If you would have peace, prepare for war
Between Responsible and Irresponsible Isolationism
Comments | Print friendly | Subscribe | Email Us
There is one fundamental element that is absolutely necessary for an isolationist foreign policy. Isolation. Isolationism without physical isolation is as much good as belligerence without an army to back it up.
American isolationism might have been feasible during WW1 when its neighbors were either friendly or no threat, there was no danger from the Pacific and a fleet crossing the Atlantic seemed unlikely. Though it wasn’t so unlikely even then.
As far back as 1897 and long before any American involvement in Europe, Operational Plan Three called for shelling New York and seizing parts of Virginia, as a staging base for attacks on Washington and Baltimore. Plans were drawn up in Germany for the occupation of Boston and Philadelphia.
Vice-Admiral August Thomsen wrote, “At the moment every thinking German officer is occupied with the consequences of a belligerent conflict between Germany and the United States of America.”
No American politician was thinking the same thing. America had not intervened in any European wars and had no interest in Germany. But that didn’t matter. The Kasier wanted to seize parts of the hemisphere and that meant breaking the dominant power in the region. America’s weak fleet made it seem like an easy target.
That is the most important part of the equation that isolationists fail to include in their calculations. Regardless of our foreign policy, we are still a target. Whatever our calculations are, potential enemies may have calculations entirely different from our own. They don’t just react to what we do, they have their own plans and agendas. Passivity isn’t a defense for the ostrich or for a nation.
In 1900 while America slept, German diplomats were scouting Cape Cod and Provincetown as support bases for an attack on Boston. And the Germans weren’t alone. In the early 20th century there were British plans for an assault on New England. But Germany’s failure to formulate an alliance with other European powers against the United States led to the abandonment of Operational Plan Three.
When Charles Lindbergh ridiculed the idea of a foreign attack on America, such an attack was less than a year away, but variations of it had been planned by European powers for a good deal longer than that. Terrorist attacks by foreign agents were a now forgotten reality during WW1, including the Black Tom explosion which severely damaged the Statue of Liberty, the Vanceboro bridge bombing, and in an early form of biological warfare a laboratory in Chevy Chase was working on anthrax and glanders cultures to be used on horses.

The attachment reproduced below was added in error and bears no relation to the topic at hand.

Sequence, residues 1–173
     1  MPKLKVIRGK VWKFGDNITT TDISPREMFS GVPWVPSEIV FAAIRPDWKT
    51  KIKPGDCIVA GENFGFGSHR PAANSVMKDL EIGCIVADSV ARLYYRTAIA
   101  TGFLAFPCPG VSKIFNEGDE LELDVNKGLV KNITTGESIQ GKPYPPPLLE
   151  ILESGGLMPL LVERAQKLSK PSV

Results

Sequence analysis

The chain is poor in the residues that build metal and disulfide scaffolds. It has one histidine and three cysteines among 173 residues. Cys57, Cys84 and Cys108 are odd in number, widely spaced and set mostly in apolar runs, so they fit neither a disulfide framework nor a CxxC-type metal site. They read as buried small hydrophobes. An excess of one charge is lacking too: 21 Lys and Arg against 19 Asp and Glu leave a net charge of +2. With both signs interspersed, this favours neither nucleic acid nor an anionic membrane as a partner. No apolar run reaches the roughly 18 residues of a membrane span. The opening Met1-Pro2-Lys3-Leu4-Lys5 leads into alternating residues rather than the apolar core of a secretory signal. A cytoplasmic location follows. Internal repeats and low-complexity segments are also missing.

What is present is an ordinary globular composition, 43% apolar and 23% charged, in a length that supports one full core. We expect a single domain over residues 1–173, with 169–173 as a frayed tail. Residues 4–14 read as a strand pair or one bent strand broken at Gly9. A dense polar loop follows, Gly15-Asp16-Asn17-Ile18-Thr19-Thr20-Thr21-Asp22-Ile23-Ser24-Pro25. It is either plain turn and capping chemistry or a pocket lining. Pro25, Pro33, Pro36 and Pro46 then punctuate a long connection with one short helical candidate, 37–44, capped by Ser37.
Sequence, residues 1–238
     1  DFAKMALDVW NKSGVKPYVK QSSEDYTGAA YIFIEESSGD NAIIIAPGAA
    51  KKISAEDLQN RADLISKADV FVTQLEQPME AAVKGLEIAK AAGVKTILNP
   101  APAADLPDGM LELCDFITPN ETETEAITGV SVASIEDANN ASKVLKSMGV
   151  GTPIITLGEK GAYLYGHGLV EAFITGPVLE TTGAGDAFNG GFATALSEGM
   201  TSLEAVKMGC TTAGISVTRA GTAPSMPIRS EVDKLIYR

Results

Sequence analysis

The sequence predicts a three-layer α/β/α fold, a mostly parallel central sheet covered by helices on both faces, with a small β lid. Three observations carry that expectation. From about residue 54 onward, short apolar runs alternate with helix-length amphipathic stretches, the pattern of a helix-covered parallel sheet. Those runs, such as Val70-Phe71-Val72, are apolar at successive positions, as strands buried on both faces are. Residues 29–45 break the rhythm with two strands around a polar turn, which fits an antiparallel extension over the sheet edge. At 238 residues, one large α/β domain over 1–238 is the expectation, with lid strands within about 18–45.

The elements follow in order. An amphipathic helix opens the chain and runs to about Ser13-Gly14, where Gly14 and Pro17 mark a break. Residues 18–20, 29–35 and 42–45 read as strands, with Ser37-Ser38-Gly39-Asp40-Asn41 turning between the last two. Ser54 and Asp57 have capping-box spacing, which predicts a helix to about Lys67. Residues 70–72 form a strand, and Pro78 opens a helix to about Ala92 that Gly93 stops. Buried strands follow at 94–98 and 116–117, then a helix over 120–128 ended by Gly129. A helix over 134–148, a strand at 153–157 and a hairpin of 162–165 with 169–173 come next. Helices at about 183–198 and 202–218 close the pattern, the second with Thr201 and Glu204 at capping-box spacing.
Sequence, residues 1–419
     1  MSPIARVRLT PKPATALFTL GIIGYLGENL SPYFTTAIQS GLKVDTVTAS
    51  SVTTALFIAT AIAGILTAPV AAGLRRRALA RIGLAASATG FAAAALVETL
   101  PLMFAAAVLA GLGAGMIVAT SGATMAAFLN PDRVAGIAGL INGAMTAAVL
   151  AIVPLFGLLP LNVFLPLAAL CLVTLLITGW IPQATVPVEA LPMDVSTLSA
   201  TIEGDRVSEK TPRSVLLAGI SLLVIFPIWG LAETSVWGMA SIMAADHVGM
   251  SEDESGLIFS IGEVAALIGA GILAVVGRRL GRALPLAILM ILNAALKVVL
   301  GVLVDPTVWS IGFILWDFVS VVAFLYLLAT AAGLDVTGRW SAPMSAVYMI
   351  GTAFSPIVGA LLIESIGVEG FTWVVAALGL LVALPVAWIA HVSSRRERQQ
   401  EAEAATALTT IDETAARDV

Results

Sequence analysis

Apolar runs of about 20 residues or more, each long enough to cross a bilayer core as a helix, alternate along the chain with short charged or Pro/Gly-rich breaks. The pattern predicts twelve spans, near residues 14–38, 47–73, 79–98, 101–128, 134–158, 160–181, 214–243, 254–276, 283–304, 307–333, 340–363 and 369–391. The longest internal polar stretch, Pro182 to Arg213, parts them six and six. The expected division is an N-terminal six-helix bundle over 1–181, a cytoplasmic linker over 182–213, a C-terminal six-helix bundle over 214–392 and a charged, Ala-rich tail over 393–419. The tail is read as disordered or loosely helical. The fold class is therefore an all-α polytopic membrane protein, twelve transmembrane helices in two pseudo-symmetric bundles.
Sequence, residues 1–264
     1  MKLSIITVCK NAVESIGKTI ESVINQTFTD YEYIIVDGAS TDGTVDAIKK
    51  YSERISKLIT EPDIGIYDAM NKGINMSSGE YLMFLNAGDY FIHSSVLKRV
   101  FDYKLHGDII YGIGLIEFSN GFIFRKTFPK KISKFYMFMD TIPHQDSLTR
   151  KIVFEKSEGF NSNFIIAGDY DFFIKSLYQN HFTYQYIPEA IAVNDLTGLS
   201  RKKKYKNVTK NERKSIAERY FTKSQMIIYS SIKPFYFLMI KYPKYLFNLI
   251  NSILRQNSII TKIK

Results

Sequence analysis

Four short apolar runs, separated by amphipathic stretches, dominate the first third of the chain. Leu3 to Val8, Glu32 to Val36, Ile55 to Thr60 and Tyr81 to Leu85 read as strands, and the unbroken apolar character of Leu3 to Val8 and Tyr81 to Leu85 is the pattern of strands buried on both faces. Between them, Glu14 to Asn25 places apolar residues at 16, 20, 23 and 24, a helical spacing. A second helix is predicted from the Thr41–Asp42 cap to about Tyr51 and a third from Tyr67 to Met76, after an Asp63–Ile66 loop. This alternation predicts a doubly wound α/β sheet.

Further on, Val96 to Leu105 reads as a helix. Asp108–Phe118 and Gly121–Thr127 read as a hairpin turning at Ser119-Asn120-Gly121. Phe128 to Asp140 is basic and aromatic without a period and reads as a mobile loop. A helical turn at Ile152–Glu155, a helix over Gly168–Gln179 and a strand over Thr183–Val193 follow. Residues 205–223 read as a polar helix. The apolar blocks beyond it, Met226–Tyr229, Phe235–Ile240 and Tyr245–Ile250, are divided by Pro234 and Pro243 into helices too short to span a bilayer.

With the jet plane and the intercontinental ballistic missile, isolationism became completely unworkable without strong deterrence
With the jet plane and the intercontinental ballistic missile, isolationism became completely unworkable without strong deterrence. Even if the United States had chosen to abandon Europe, it would still have needed massive nuclear missile stockpiles, a sizable fleet and military, and a policy of Mutually Assured Destruction just to pursue a policy of isolationism. And had the USSR managed to make even deeper inroads in South America, the United States would have been forced to either push it out or increase the size of its forces to compensate for the loss of a buffer zone against preemptive attacks.
It’s not impossible to have an isolationist foreign policy today, to cut any alliances with the rest of the world. But there’s a fundamental difference between a responsible and an irresponsible isolationist policy. A responsible isolationist policy recognizes that we have enemies who will act regardless of what we do and prepares against the possibility of war without actively seeking it out.
Ron Paul’s brand of isolationism
An irresponsible isolationist foreign policy however acts as if we have no enemies and that any talk that we have enemies is a conspiracy to bring us into a war. It accepts every bit of enemy propaganda as gospel and assumes that if we just “stop bothering them”, they’ll “stop bothering us”. It assumes that the enemy is entirely motivated by our actions, that any conflict we are in is the result of our foreign policy and that isolationism will avert any such conflicts.
This is the version of isolationism that you hear in the Republican debates from Ron Paul. It’s the version that Americans heard back in the 1930’s from Lindbergh. Rather than recognizing that a military buildup is an important deterrent to war, it attacks military buildups as provocative. It assumes that the only possible reason why we might be attacked are foreign entanglements and if we just tuck our heads in then there will be no conflict.